An alternative to what? The use of the word Alternative in music. | Articles

Bands, I have to get something off my chest. It’s about a word. Yeah, I know you’re probably shocked that a writer has a beef with a word. Predictable maybe, but what can you do? Writers get hung up on words. You might be wondering what word could have me so wound up that I need to blog about it. Well I’ll tell you. I have a beef with the term alternative – particularly as it applies to music.

I know that alternative is mostly a radio designation. Once upon a time, it might have had a little (and I stress little) more meaning. My question whenever I see a band that is categorized as “alternative” is “An alternative to what exactly?” I know. It means an alternative to pop.

Trust me, I am all for alternatives to pop music that is made with machines and sung by computers. But think about this. Norteno music (you know, the music that sounds like a Mexican polka) is also an alternative to pop. Black metal is an alternative to pop. But you know something? People have at least a vague idea of what norteno music and black metal sound like. Alternative is a generic term that doesn’t really give any description of the music. It doesn’t do anything to make a band stand out.

Think of it this way. If you send me your press kit, and you categorize yourself as an alternative-rock band, what are you really telling me? That you sound like every rock band that had one hit in the 90s (and a lot of others that weren’t even one-hit wonders)? Now ask yourself this. Why would you choose to give yourself a label that provides nothing distinctive about your band? I get it. Radio would identify you as alternative, and it helps you target the radio shows that might give you airplay. Airplay is always a good thing for a band – even if it’s on a station that can only be heard in a small town in Wyoming. But you should be able to distinguish yourself from other bands that are also looking for airplay at those same stations.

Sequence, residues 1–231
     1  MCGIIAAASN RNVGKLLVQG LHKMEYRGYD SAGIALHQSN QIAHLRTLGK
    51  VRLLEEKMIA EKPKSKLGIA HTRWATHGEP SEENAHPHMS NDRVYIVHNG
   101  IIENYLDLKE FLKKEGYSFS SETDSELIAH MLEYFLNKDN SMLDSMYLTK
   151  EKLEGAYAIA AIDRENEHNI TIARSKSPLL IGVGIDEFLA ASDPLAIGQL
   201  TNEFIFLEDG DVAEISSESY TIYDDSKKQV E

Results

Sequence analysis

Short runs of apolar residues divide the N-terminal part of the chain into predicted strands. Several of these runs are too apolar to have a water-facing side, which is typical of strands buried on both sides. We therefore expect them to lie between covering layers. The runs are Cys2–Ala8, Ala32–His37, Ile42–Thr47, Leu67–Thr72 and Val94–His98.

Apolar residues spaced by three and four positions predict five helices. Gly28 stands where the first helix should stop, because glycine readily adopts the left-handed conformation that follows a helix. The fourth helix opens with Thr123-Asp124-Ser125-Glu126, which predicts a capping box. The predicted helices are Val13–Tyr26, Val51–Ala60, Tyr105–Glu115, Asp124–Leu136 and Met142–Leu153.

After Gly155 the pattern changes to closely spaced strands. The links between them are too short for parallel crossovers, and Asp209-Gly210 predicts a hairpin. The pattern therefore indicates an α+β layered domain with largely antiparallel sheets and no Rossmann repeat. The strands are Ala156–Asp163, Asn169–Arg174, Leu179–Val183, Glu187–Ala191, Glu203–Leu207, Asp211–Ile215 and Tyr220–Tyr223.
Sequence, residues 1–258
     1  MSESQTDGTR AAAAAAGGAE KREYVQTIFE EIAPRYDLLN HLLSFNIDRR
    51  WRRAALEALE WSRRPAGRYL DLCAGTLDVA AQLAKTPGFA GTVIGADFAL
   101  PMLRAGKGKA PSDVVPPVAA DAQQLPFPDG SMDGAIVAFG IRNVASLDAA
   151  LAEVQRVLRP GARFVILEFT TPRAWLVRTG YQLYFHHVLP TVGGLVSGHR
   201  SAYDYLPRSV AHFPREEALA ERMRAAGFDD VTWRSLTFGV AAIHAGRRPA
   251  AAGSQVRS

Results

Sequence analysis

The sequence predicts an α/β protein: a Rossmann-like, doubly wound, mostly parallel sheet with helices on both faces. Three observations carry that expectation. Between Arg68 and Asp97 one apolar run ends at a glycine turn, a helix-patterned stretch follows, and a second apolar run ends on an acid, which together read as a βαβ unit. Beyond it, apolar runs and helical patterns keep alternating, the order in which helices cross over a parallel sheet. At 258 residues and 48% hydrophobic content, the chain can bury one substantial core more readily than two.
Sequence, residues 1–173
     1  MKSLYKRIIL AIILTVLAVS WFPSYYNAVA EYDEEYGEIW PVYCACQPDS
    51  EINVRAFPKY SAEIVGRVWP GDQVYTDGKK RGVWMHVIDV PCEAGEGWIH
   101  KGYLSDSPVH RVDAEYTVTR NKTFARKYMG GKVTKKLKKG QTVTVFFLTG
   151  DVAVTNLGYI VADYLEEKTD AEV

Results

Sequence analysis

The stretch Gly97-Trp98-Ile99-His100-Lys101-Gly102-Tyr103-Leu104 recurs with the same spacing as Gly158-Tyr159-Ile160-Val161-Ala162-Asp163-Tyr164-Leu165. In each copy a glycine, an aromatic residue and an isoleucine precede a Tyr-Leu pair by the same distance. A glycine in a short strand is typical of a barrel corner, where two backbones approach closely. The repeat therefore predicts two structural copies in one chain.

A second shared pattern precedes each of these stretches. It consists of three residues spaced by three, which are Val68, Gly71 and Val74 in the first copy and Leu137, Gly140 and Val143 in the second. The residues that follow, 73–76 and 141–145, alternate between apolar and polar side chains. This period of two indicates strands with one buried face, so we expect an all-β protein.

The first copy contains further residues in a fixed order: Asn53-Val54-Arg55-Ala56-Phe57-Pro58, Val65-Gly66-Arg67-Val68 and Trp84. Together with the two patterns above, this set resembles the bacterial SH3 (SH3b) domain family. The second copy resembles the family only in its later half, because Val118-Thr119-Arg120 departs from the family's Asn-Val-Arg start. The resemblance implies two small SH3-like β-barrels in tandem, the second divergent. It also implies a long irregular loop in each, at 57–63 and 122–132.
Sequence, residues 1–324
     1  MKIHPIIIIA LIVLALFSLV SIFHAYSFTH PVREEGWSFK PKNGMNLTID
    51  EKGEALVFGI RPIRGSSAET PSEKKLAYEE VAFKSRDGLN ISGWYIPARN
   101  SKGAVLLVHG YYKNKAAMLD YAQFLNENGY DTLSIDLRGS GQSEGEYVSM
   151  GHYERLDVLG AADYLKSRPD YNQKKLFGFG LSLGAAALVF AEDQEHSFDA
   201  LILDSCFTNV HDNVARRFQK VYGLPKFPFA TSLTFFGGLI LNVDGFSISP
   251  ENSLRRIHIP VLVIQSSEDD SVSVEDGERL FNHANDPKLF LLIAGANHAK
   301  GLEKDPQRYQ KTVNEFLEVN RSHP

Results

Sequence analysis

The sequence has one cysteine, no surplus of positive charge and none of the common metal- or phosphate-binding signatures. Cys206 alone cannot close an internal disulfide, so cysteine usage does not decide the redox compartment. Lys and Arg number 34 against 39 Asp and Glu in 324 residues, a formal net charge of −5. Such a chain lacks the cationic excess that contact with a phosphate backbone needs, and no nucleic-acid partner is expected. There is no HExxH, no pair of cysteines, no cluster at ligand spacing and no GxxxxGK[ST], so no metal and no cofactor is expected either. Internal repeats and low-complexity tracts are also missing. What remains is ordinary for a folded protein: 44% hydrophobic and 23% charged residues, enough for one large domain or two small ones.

The term alternative is etched deeply enough into the music business that it’s likely not getting phased out anytime soon. In that regard, it makes sense to leave the term alternative in your press kit. Here’s my challenge to you though. Keep alternative in your press kit, but also try to come up with a term that is more unique to your band. (I can tell you from all the press kits that I see that many bands list themselves in multiple categories.) I’ll give you an example.

The Zambonis is a band that lists itself as hockey rock because all the band members like hockey, and they do a lot of songs about hockey. How many bands do you think fall into the hockey-rock category? Exactly. The Zambonis stand alone in that category. Plus, I didn’t have to look up The Zambonis. I was once contacted about the band, and I remember it because I’ve never heard of another band that plays hockey rock. If you do come up with a category which is unique to your band, then guess what. You’ve automatically given prospective interviewers something to ask you about when you do an interview. You’re not making music to lump yourself in with a million other artists. You’re doing it to stand out. So stand out already and at least try to come up with some enhancement to the overused and generic term alternative.

Here’s a link to a Los Tigres del Norte video if you want to link it to the term Norteno music. 

And a link to a Goatwhore video if you want to link it to black metal. 

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